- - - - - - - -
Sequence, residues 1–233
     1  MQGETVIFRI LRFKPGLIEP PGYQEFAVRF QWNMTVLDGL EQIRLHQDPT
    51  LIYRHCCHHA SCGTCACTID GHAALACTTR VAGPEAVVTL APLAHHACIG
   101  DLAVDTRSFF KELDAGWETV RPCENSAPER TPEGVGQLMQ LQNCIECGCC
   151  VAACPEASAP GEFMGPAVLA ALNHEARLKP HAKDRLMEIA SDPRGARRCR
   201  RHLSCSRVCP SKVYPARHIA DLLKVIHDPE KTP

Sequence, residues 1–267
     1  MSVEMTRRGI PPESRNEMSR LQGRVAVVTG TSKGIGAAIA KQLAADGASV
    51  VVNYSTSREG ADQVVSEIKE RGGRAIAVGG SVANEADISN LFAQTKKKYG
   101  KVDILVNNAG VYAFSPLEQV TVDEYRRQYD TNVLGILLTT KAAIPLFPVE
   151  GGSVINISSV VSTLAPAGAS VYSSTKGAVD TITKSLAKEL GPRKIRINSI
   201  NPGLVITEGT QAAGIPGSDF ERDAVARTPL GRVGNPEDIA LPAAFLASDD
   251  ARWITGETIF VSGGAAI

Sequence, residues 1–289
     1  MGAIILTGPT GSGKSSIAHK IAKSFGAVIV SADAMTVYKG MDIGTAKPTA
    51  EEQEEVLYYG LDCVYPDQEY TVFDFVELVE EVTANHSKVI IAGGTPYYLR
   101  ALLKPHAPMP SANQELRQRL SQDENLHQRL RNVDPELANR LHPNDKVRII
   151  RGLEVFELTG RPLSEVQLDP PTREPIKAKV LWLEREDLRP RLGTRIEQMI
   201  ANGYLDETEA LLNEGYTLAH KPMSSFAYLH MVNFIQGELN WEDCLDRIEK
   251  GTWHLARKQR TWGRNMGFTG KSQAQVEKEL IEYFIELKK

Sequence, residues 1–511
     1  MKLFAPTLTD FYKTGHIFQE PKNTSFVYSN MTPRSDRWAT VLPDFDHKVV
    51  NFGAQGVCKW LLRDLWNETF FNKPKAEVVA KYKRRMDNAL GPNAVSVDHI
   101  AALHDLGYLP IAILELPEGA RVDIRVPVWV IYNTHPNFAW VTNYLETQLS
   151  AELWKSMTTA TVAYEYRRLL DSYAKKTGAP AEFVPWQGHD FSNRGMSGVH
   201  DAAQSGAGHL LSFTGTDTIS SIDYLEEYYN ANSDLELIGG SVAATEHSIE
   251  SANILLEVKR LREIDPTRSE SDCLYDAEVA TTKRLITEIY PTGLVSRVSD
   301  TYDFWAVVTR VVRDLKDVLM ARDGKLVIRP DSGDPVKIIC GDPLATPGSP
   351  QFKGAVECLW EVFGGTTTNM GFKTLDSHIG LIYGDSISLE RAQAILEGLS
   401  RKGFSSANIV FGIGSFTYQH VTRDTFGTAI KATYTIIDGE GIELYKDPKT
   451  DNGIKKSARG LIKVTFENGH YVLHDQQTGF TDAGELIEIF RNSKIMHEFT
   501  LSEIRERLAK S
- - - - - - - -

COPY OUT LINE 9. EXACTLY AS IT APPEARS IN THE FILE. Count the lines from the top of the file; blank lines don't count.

    51  VVNYSTSREG ADQVVSEIKE RGGRAIAVGG SVANEADISN LFAQTKKKYG